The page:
By saying “The candles” is seems to be saying: “The candles for the altar … may be carried in procession.”

Candles can be used when the Gospel is read. Where do they come from? The altar is indicated, because taking the Books of the Gospels from the altar is mentioned along with the lighted candles. From the 2002 GIRM:
“133. If the Book of the Gospels is on the altar, the priest then takes it and goes to the ambo, carrying the Book of the Gospels slightly elevated and preceded by the lay ministers, who may carry the thurible and the candles. Those present turn towards the ambo as a sign of special reverence to the Gospel of Christ.”

Similarly in n. 175: “… The deacon signs himself with the Sign of the Cross and responds, Amen. Having bowed to the altar, he then takes up the Book of the Gospels which was placed upon it. He proceeds to the ambo, carrying the book slightly elevated. He is preceded by a thurifer, carrying a thurible with smoking incense, and by servers with lighted candles. …”.

These candles, for the Gospel, are clearly optional, from the Order of Mass of the Roman Missal: “Then the deacon (or the priest) goes to the lectern. He may be accompanied by ministers with incense and candles.” (Roman Missal, Catholic Book Publishing Co., New York, 1985, page 367). The 2002 Latin edition has “pro opportunitate” indicating that this is optional.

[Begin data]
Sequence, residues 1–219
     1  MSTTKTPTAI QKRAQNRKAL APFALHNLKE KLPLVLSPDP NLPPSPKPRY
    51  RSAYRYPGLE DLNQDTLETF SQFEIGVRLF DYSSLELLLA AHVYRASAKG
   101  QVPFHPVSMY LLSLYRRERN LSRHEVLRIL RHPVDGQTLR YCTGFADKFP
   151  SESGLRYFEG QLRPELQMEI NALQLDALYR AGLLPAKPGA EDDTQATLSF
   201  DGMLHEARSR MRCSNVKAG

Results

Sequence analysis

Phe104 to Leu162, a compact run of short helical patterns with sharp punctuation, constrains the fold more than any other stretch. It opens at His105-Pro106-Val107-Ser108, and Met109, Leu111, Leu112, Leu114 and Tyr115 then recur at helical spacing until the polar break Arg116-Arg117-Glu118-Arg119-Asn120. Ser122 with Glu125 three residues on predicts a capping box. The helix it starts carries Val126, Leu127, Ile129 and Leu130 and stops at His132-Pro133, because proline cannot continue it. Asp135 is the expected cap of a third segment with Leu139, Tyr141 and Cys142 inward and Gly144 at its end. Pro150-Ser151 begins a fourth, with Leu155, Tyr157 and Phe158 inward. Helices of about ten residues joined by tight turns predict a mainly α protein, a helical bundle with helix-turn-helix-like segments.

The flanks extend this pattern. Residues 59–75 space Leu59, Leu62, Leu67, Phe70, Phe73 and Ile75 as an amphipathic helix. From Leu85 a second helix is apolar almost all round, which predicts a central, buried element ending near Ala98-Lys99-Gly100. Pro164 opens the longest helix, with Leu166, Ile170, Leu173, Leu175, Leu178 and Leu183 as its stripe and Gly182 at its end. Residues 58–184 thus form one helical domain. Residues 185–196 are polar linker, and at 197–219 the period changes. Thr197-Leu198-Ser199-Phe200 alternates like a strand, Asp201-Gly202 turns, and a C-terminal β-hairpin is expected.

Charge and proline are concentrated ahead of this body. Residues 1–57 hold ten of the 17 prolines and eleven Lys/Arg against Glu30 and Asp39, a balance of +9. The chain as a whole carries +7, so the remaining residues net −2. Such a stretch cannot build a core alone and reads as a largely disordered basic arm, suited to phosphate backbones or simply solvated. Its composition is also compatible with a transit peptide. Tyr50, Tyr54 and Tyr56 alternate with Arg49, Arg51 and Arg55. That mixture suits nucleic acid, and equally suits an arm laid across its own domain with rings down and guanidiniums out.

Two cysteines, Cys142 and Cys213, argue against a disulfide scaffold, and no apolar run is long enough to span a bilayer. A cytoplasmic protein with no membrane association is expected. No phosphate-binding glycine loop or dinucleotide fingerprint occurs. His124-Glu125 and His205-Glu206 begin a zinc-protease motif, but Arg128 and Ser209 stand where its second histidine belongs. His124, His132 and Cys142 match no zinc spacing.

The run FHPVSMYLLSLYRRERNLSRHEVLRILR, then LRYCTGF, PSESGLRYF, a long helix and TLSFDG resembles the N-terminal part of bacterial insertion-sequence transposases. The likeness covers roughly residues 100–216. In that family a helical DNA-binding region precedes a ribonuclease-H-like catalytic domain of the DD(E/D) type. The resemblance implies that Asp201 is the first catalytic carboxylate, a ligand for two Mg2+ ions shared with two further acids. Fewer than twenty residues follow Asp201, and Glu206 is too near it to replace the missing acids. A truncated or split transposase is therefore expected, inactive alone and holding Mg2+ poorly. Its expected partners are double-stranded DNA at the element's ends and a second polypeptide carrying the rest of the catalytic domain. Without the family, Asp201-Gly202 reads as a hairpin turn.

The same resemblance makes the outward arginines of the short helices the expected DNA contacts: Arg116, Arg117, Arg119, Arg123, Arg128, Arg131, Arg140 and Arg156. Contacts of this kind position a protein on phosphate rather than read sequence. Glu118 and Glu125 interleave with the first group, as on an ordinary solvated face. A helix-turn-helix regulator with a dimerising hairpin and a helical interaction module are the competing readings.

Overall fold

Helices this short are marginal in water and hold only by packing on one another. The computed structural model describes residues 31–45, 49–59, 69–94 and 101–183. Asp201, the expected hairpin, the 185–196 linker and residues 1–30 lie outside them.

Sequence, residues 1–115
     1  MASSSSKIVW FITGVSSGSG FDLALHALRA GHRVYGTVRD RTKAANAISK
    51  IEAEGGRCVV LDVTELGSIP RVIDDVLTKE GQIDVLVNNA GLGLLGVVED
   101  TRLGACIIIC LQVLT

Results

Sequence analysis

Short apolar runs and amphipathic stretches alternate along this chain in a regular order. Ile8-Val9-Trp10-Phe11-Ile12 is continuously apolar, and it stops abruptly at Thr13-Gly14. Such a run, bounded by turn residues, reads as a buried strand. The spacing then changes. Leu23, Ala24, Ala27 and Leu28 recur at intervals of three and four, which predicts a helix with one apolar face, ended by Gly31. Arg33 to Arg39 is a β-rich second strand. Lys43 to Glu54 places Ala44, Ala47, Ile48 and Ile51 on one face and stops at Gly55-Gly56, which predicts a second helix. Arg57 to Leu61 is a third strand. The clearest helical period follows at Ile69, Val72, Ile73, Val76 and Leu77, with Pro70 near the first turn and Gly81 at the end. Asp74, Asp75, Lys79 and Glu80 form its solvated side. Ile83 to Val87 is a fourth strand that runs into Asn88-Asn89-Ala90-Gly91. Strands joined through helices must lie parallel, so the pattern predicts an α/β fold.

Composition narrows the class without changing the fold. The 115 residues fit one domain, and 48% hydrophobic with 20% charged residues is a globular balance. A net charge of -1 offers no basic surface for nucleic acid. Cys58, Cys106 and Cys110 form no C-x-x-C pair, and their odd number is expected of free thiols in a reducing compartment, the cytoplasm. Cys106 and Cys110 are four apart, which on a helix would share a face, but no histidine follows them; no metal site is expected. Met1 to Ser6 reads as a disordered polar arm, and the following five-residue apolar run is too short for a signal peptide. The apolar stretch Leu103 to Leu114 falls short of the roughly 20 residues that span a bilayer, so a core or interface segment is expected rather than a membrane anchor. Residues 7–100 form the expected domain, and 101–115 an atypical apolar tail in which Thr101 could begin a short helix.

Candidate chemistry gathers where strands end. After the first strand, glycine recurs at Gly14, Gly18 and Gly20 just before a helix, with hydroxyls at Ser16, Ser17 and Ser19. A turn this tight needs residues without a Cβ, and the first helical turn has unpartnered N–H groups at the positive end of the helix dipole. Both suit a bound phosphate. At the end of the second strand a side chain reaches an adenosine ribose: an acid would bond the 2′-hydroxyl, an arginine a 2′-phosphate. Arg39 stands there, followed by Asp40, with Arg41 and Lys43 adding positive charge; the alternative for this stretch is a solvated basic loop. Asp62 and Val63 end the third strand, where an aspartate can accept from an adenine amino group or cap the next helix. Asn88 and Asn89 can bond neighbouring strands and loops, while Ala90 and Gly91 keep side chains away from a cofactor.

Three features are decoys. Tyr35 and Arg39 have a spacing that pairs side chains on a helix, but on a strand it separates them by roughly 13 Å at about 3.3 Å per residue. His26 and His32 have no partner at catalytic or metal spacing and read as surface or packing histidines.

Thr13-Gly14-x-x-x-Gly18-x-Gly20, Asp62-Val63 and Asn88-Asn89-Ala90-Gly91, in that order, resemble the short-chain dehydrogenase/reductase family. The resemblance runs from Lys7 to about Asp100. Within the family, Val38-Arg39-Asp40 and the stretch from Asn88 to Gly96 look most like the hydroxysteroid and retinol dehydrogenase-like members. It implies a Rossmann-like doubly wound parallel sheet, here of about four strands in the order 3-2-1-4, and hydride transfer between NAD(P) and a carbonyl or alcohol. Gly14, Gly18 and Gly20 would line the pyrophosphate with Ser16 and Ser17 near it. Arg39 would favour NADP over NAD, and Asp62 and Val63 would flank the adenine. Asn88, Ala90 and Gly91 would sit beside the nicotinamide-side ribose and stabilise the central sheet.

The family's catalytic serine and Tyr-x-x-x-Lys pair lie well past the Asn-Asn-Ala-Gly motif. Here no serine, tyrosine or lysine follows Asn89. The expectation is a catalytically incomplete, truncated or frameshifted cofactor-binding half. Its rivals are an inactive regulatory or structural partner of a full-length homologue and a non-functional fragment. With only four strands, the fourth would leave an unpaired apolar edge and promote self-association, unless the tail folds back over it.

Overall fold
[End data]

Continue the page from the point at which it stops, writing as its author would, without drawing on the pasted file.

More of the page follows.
Lighted candles on the credence table give it a prominence that is clearly not intended by this part of the GIRM:
“307. The candles, which are required at every liturgical service out of reverence and on account of the festiveness of the celebration (cf. above, no. 117), are to be appropriately placed either on or around the altar in a way suited to the design of the altar and the sanctuary so that the whole may be well balanced and not interfere with the faithful’s clear view of what takes place at the altar or what is placed on it.”

Thank you John, this is very helpful. I just talked to my priest on the phone and he did say the processional candels can go on the altar. The cruets and everything else go on the credence table…which is great because this is way we have been practicing with the kids.

yes, I was thinking this as well. I think what we have been doing is fine.

Accordinating to “Ceremonies of the Catholic Church,” the creadence table would be the proper place for them. However, if they are also to be used as the altar candles they may be placed on the altar.
By the way, the long candle sticks the 4 -5 foot ones) are called torches; and in a procession the servers carying the short candlesticks come before the servers carying the torches.